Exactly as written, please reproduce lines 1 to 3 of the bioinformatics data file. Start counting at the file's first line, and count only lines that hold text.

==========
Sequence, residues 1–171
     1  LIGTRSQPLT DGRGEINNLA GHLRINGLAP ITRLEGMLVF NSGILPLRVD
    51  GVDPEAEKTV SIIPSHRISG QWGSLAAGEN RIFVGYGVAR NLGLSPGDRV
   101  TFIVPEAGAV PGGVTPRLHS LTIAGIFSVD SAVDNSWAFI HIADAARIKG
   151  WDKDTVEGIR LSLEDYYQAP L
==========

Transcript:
Sequence, residues 1–171
     1  LIGTRSQPLT DGRGEINNLA GHLRINGLAP ITRLEGMLVF NSGILPLRVD
    51  GVDPEAEKTV SIIPSHRISG QWGSLAAGEN RIFVGYGVAR NLGLSPGDRV